Guest Column | January 15, 2018

Environmental Risks & The Life Science Supply Chain: Lessons Learned From Hurricane Maria

By Carla Reed, New Creed LLC

Environmental Risks & The Life Science Supply Chain: Lessons Learned From Hurricane Maria

The hurricane season of 2017 will be remembered as one of the worst, with some of the strongest tropical cyclones ever witnessed creating havoc in the Atlantic basin.

The financial impact of these storms is still being measured, but of the more obvious outcomes are:

  • major disruptions to large U.S. ports (Port of Houston was out of commission for over a week after Harvey.)
  • millions of people without power for days
  • billions of dollars of crop damage ($2.5 billion in Florida after Irma)
  • major delays and disruptions in the movement of raw materials and products with impacts across the world.

Looking at the past season from the perspective of supply chain risk — and specifically risks that have impacted the life sciences supply chain — there are many lessons to be learned.

Puerto Rico: A Tiny Island With A Huge Life Sciences Impact Brought To Its Knees

A case in point is the impact of Hurricane Maria on Puerto Rico — a critical link in many life sciences-related supply chains. The legacy of tax incentives in the 1970s (phased out in 2006) is a concentration of life sciences companies on this tiny Caribbean island. Many global companies have operations in Puerto Rico, some of which are single-source locations for raw materials, components, and finished products.

Consider a few data points:

  • More than 25 percent of pharmaceuticals exported from the U.S. are produced in Puerto Rico — with more than 50 plants and distribution centers supporting the flow of starting materials and work-in-process and finished products. Pharmaceuticals represented 72 percent of Puerto Rico's 2016 exports, valued at $14.5 billion, according to the U.S. Bureau of Labor Statistics.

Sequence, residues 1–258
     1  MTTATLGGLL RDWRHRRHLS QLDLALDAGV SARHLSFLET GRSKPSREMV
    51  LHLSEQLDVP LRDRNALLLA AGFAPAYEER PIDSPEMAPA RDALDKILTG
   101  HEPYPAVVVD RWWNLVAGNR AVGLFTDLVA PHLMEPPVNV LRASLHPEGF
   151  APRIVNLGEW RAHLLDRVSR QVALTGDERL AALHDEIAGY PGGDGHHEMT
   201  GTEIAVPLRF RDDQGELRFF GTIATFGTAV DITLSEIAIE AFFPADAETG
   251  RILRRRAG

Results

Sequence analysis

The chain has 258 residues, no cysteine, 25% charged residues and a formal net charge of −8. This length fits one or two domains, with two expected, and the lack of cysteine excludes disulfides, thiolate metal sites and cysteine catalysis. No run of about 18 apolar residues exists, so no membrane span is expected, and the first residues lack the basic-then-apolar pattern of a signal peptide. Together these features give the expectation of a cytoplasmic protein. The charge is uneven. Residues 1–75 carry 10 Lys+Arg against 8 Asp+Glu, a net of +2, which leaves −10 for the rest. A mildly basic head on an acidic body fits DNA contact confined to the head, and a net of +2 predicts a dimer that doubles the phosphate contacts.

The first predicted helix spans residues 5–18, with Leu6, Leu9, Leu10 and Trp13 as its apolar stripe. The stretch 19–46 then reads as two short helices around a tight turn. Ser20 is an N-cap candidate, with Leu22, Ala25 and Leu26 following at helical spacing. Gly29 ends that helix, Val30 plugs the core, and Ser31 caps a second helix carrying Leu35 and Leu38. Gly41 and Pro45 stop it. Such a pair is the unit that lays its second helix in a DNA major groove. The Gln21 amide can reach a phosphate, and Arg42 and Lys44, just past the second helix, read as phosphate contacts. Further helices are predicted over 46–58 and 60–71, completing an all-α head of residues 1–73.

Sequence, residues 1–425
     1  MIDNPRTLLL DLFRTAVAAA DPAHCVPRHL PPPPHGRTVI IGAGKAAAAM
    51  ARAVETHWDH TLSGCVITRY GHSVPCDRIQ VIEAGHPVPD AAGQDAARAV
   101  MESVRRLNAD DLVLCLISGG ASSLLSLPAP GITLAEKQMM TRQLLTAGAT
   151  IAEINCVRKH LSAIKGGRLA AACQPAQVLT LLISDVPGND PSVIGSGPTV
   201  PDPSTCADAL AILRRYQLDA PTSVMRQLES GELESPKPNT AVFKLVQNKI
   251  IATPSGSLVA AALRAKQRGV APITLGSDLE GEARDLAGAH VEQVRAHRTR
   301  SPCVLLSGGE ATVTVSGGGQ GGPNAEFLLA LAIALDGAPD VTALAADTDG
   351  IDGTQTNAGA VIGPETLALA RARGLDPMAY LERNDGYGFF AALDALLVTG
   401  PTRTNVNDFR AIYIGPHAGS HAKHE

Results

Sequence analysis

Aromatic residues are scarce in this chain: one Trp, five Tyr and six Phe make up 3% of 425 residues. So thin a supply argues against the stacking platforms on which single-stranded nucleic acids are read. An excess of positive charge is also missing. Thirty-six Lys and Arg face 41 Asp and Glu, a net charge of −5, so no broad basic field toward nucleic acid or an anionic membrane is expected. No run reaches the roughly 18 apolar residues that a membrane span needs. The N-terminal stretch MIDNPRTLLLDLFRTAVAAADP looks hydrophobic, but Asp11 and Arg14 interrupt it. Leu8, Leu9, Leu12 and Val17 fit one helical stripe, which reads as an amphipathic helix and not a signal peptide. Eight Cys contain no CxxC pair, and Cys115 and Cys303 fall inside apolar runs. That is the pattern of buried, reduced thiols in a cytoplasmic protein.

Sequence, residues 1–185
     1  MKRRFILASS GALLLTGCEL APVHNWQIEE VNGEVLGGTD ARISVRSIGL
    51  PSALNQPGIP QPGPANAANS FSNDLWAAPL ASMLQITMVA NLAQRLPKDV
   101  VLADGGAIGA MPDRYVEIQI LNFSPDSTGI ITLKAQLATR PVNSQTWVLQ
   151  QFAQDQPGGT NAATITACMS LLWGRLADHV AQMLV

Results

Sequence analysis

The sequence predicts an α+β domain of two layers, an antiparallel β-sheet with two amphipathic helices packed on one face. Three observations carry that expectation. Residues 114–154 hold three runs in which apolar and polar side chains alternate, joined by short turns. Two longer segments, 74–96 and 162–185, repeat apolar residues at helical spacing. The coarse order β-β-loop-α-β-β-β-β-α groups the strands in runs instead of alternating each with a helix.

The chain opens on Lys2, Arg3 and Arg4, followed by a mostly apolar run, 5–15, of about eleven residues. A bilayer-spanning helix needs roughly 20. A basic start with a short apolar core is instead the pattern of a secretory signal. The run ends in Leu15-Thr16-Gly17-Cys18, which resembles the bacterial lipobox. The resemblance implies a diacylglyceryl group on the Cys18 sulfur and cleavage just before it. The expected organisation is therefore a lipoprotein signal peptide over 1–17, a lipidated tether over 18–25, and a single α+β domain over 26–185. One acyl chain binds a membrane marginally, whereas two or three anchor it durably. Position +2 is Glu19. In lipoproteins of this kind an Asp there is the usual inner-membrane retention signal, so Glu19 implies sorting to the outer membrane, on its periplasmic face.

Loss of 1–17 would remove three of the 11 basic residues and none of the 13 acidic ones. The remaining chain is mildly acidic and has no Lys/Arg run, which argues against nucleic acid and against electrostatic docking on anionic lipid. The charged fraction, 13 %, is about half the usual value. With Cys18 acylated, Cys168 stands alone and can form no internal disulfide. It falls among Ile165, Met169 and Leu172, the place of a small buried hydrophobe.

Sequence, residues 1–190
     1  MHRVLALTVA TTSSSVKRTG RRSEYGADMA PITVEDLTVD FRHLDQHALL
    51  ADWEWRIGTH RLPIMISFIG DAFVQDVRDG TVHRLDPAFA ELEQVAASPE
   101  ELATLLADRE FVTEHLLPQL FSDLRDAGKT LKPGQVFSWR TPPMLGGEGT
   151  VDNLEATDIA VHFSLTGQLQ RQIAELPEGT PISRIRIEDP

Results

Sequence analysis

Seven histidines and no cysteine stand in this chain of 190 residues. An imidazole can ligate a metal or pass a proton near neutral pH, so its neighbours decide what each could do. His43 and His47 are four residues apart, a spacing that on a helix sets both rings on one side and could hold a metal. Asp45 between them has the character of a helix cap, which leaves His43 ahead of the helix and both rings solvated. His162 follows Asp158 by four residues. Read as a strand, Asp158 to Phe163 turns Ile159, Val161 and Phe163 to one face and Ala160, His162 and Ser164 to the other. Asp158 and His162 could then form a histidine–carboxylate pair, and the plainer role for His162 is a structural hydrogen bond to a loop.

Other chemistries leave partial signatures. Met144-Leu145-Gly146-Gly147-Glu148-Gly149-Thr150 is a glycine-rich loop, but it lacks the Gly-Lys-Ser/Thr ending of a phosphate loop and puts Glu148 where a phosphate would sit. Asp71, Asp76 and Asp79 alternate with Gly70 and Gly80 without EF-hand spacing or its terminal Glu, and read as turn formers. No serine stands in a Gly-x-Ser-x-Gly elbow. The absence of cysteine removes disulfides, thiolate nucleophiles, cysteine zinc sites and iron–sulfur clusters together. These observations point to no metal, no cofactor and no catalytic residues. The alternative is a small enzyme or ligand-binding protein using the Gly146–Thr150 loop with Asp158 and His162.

• The sector employs about 90,000 workers.
  • Puerto Rico is a distribution point for other parts of the Caribbean.

Hurricane season is a known factor in Puerto Rico, and companies there have built it into their business continuity plans. Stockpiles of generator fuel, backup UPS (uninterrupted power supply) emergency staffing plans, and other mitigation strategies are a part of doing business in Puerto Rico. However, no one expected a hurricane of this proportion would create the potential long-term damage Maria did. Many months later, the aftermath is still being evaluated — millions of dollars of property damage and the impact to the overall infrastructure of Puerto Rico. There are growing concerns related to the ability of manufacturing sites to recover to the extent where they are able to resume production and rebuild their inventory buffers. Despite assurances from large pharmaceutical companies that have operations in Puerto Rico that their contingency plans and redundant network designs will ensure supply, there are concerns about potential product shortages. The impact of this on the life sciences supply network should not be underestimated and is already being felt in many other parts of the world.

In addition to the damage to production and distribution facilities, the destruction of roads and other core infrastructures creates logistical challenges. Getting fuel to the backup generators providing power to manufacturing sites, storage locations, and distribution operations is a major challenge for the foreseeable future. Communication is also a challenge — a large percentage of communication is currently reliant on satellite telephones, as the majority of cellular phones are still not working.